UX experts used to design forms, websites and smartphone applications. Now they need to re-learn the trade to design interfaces and interactions in virtual reality.
Many of the traditional UI elements simply do not work in VR, and a significant part of the existing UX toolkit is simply inappropriate. To begin with, designing for a flat surface - our laptop or phone screens - is very different from designing for a spherical world with the user at its centre. Luckily there are people researching UI and UX in VR, and there are a few tried and tested patterns.
In this article we don't touch on the subject of motion tracking (that's a whole another huge topic), and mostly cover controls in VR.
Take an element as simple as a rectangle, a picture or a video player. Put it into a VR enviroment, and it just doesn't work, especially if it's too wide or tall. The edges of a flat surface will be further away from the user's eye focus, making them blurry and hard to read.
The solution is curved design. You need to stop thinking about the canvas as a surface, and imagine it as a sphere.
Narrowing the field
In VR placing any meaningful control element to the periphery of the field of vision is a bad idea. It's simple biology: your vision is simply not sharp enough on the edges.
We are used to think in a landscape or portrait format on the web, and on smartphones. Neither work particularly well in VR, as they force the user to tilt their head too much. Instead, controls should be placed inside a 1:1 rectangle area.
Using Z zones and depth
Objects that are too close to your eyes will get blurry. Just raise your hand and start moving it towards your face - you simply can't maintain focus when it's closer than a few inches. Objects, and especially controls should never be placed too close to the user.
On the other hand people are much better in telling the distance between two objects in close distance, than between two objects far away. If the distance is important from an interaction point of view, the objects should be placed reasonably close to the user's eyes.
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In virtual reality the camera is mapped to the player's head, with it's focus being at the centre (unless you use eye tracking). This means you never ever should change the environment against the head movements, or force the user turn their head involutarily. Both leads to motion sickness, and being nauseated.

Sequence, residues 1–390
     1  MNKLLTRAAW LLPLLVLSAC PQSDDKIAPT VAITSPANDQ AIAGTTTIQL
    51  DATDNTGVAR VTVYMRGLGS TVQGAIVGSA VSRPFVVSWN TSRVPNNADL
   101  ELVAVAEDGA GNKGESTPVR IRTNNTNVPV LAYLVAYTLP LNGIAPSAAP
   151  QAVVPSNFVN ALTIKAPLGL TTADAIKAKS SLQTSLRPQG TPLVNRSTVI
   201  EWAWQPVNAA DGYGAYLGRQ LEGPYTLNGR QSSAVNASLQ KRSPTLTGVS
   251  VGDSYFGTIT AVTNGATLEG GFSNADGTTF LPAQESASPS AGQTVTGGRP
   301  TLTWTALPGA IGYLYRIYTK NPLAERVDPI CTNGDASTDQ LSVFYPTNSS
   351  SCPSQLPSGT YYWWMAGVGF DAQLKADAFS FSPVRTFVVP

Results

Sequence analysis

Of course sometimes you want to guide the user through the user interface, towards the direction where something is happening. This is where subtle tools like motion flow comes into play. Pressing a button can trigger the button to extend, or slowly start moving, gently guiding the user to turn their head. We are implying a direction, guiding their eye to the next point of interest.
It's the opposite of motion flow, when we don't urge the user to look in a specific direction, but rather move the new elements directly to the field of view. Standing the the centre of a sphere means you don't see, and you don't know about UI elements changing behind your back. Sometimes it's better to put them right in the front of the user.
The long evolution of the Homo Sapiens trained us to pay attention to lights and movement - otherwise we probably won't be here, and predators would rule the Earth. This evolutionary skill is perfect to capture focus in a virtual reality environment.
A great example is the game demo Lost by Oculus: they use fireflies in a dark forest to lead the eyes of the user. We expect to see more subtle, clever plays on light and shadow in VR applications and games.
Virtual reality causes dizziness for a lot of people. Chances are if you had a bad experience with VR you won't try it again - and definitely won't try it the third time.
We are used to standing or sitting still while the world is moving around us, a good example being driving. It's not causing nausea, because we have a visual anchor, the car dashboard. Establishing such an anchor object in the virtual space is something interface designers should consider. Research suggests even a virtual nose can help. We all see our nose all the time anyway, right?
Holophonic means 3D sound (the word itself rhymes with holography). The idea is that with listening through the right equipment you can tell if the sound is coming from above, below, or from behind your back (and not just left and right, as with the stereo systems).
Holophonic sounds are amazing in games, but they very well might be used for VR control interfaces. Imagine a video start playing outside of your view, and you will hear _exactly_ where the sound comes from. We are not quite there yet, but not that far either.
Want to know more?
Mike Alger's VR Interface Design Manifesto is a great place to start:
Designing for VR: Environments and Interactions from Microsoft's Channel 9 is a good introduction:
Navigating New Worlds: Designing UI and UX in VR from the Oculus Connect 2 is a fascinating watch if you have a deeper interest in the subject:
We also quite enjoyed Designing for Virtual Reality by Manuel Clément from Google I/O 2015: